City residents have prospered since economic reforms were implemented 30 years ago, but many rural villagers have been left behind.

Millions of rural migrants are out of work, and on Tuesday, more than 1,000 workers clashed with riot police in eastern China over unpaid wages.

Civil unrest

With a population of 1.3 billion, China has far more people than jobs to be filled. But the country's economic boom enabled  millions of farmers and their children to find work in factories and construction sites.

 China's leaders are struggling to bridge the rich-poor divide [GALLO/GETTY]
However, declining demand for Chinese exports has forced thousands of factories to close and newly unemployed migrants to stream from coastal manufacturing regions back to their rural hometowns.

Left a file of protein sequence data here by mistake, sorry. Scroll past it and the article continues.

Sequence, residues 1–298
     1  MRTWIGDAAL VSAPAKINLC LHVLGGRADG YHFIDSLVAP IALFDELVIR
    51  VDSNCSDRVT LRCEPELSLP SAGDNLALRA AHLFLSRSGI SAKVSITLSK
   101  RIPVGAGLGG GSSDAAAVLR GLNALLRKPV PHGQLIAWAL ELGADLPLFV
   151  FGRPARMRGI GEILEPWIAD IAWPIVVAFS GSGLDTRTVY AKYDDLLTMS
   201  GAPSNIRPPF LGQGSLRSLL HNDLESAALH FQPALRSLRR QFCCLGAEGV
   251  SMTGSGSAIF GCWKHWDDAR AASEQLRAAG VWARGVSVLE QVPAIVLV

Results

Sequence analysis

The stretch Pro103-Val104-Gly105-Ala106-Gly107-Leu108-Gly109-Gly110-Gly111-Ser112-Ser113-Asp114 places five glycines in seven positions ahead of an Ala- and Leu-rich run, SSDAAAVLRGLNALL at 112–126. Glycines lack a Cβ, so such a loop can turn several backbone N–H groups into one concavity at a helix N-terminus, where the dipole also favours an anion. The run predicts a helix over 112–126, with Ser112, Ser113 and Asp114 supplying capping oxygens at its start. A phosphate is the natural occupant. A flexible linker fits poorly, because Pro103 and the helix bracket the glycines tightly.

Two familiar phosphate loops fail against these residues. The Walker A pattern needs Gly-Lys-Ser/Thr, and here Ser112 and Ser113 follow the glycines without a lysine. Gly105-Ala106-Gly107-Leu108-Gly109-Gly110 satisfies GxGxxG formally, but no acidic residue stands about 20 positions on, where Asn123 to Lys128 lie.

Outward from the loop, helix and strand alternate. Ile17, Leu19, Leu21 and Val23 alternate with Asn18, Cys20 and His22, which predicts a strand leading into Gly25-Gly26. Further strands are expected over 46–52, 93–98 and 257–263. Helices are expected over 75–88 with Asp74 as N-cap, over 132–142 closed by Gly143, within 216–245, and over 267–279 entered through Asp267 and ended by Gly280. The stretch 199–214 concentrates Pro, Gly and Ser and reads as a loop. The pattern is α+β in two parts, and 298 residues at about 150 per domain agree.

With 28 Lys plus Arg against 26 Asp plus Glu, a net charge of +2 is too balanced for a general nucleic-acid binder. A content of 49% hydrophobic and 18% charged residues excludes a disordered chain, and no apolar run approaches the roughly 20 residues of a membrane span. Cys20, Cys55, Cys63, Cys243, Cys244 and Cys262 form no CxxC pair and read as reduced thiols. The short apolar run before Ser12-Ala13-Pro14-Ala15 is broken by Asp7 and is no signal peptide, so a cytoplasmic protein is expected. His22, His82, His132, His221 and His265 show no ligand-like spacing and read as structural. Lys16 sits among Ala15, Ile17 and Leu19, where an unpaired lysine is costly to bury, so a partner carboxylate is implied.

Chinese officials have warned of protests and riots this year, as more workers are laid off and companies struggle to pay wages.

Deteriorating purchasing power in the rural areas could also hinder efforts to boost domestic consumer spending to help compensate for declining exports - a crucial part of the government's strategy to prevent a recession.

City dwellers earned an average annual income of $2,300 a year in 2008, Chen Xiwen, a senior rural planning official, reported at a recent conference in Beijing.

The average rural income was about $690.

Incomes in Shanghai and some other big cities are about a third higher than the national average.